A separate peace

December 17, 2011.By Matt McGeachy, Minnesota Playlist.

On December 15, 2011, the United States formally ended its military mission in Iraq, marking the end of eight years of war that left thousands of troops dead, hundreds of thousands civilians dead or wounded, and many more cynical and disheartened citizens both here and abroad. For many of us it was a senseless and disheartening war, of dubious legality, fed by lies and deceit from our elected officials, reminding us (as if we needed any more reminding) that the machinations of history happen without our consent and outside our control. So Thursday was not quite a cause for celebration as it was a sobering reminder of what havoc men (and women) blinded by power can wreck. It was in this frame of mind that I saw opening night of All Is Calm: The Christmas Truce of 1914 at the Pantages Theatre in Minneapolis, about another senseless and disheartening war where the small people -- people like you and me -- were excluded from the machinations of history except for on one starry, snowy night: Christmas Eve, 1914.

In the midst of yet more war, in the spirit of the many soldiers in the trenches of the First World War, Cantus and Theatre Latte Da have created a show of remarkable beauty, poise, and dignity that escapes neither into sentimentality, despite the Christmas music fare, nor tragedy, despite the dark subject matter. The result is an evening of beautiful music and fine stagecraft that has deservedly become part of the Twin Cities' holiday show traditions.

Originally conceived, according to the program notes, as a radio drama, the evening begins with the men of Cantus singing a prelude medley of traditional English carols, arranged by Ralph Vaughan Williams. The medley includes some well-known carols, such as "God Rest You Merry Gentlemen" as well as lesser-known songs with a stronger English flavor, such as a beautiful rendition of the "Coventry Carol" (now perhaps well-known to Twin Cities audiences from its prominent feature in the Guthrie's new Christmas Carol). The prelude concludes and the men of Cantus take formation on risers upstage as fog rolls in and three actors (Matt Rein, David Roberts, and Alan Sorenson) enter with wooden crates. These three actors, with help from the choir, will play nearly 30 different historical characters from both sides of the First World War.

Author and director Peter Rothstein opts to let these historical characters speak for themselves, using snippets of letters and other material to convey the evolving sentiment toward a war that politicians hoped would "be over by Christmas" but in the end cost over 8 million lives and countless million more permanent disabilities. Beginning with the youthful excitement of young men heading off to war and accompanied by such optimistic songs as Irving Berlin's "Come on and Join" and the anthem "God Save the King," eventually the grim reality of war sets in, and songs such as "I Want to Go Home" by Lt. Gitz Rice perfectly capture the fading excitement and the realization that one might die in the trenches, far away from all one had known.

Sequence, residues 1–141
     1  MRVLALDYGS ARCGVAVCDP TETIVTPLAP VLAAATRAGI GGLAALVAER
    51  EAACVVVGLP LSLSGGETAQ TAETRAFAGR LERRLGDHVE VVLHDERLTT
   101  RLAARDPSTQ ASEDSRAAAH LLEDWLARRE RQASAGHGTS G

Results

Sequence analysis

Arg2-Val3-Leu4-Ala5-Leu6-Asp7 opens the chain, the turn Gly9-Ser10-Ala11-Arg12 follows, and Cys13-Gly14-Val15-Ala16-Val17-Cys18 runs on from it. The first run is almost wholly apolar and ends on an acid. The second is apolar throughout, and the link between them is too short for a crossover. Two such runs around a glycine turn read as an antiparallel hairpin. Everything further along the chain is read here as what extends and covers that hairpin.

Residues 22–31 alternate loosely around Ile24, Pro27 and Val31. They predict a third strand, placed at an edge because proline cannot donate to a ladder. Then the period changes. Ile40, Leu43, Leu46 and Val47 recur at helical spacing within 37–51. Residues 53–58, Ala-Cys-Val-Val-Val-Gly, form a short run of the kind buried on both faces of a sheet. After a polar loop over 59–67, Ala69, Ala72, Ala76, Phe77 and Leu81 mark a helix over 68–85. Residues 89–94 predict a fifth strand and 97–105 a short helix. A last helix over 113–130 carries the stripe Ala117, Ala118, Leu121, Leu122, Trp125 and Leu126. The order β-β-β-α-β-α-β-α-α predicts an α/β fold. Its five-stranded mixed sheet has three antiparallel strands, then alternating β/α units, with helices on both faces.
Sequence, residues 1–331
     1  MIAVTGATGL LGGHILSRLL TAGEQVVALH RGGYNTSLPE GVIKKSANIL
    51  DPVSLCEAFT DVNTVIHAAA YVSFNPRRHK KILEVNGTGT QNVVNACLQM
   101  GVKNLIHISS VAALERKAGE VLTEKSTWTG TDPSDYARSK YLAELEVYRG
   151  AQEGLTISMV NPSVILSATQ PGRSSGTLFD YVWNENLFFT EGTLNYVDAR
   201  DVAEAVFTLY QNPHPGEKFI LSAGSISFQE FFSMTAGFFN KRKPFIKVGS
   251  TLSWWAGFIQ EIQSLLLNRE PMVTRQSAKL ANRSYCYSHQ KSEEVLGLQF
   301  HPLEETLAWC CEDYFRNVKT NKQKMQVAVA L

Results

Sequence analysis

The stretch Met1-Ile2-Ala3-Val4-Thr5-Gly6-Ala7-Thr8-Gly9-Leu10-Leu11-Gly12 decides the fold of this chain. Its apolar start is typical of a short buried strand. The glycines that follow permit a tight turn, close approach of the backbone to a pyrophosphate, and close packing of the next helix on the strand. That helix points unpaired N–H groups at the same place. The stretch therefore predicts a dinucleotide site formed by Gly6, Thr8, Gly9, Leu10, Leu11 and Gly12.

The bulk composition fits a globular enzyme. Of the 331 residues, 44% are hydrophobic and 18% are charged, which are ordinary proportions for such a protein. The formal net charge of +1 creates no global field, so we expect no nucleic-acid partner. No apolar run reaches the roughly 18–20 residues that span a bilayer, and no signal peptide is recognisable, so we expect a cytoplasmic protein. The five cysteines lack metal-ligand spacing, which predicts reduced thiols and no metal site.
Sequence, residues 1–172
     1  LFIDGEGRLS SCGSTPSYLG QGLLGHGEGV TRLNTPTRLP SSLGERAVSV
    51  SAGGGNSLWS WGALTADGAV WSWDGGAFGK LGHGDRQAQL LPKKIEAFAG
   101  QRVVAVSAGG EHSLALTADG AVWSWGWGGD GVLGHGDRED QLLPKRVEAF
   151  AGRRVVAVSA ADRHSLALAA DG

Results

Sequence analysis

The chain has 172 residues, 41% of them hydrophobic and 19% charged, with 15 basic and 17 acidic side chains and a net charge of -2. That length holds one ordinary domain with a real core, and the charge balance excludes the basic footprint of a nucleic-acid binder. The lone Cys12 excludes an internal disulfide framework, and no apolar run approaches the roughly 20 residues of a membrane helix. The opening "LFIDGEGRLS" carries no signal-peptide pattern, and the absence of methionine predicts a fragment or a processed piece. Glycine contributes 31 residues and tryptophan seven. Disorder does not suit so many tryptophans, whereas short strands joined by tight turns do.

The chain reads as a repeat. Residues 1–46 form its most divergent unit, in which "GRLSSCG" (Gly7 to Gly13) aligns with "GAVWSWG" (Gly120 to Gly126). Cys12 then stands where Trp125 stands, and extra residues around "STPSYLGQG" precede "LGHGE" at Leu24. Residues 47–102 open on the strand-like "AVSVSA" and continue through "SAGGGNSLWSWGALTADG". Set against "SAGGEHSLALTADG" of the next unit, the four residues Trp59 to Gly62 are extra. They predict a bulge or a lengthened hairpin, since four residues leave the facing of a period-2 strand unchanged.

When, in 1914, Pope Benedict XV proposed a Christmas truce, the Allied commanders arrogantly rejected it. But, bravely and spontaneously, the men on both sides of the trenches started singing carols, and then celebrated with each other in the No Man's Land between the battle lines. Cantus sings such classics as "0 Tannenbaum" and "Silent Night" in beautiful cappella arrangements, and for a brief moment on the battlefield, ordinary men achieved what their leaders and even the Pope could not: a reprieve from fighting. A Christmas truce.

The peace did not last through the night. On orders from commanders, the troops withdrew back to their trenches and began shooting and shelling the very men that only an hour before had been their companions in celebration; once again fighting for hollow notions of national glory and the boundless arrogance of generations of inbred monarchs.

Marcus Dilliard's lighting design provides maximum theatricality with minimal set, and the simple black outfits from costume designer Christine Richardson perfectly capture the idea that we are visualizing a radio drama. This is a true ensemble show, and each performer fully carried his weight. But greatest credit must go to Rothstein and musical arrangers Erick Lichte and Timothy C. Takach, whose music and story seamlessly intertwined.

Perhaps because the Frist World War is a lesser part of American mythology, or perhaps because each character came and went so quickly, I found myself connecting to this production more on an intellectual level than an emotional level. Nevertheless, when one of the soldiers mused on what the world would have been like had the whole armies refused to fight, I couldn't help but reflect on the hundreds of thousands dead from our current wars and wonder, what if ... ?

This Christmas, I hope you'll join me in enjoying the beautiful show All Is Calm, and in reminding ourselves to always, always ask, what if we choose peace?

Cantus, Theater Latte Da, and Hennepin Theatre Trust present All Is Calm: The Christmas Truce of 1914 Written and directed by Peter Rothstein Musical arrangements by Erick Lichte and Timothy C. Takach At the Pantages Theatre until December 18 710 Hennepin Avenue, Minneapolis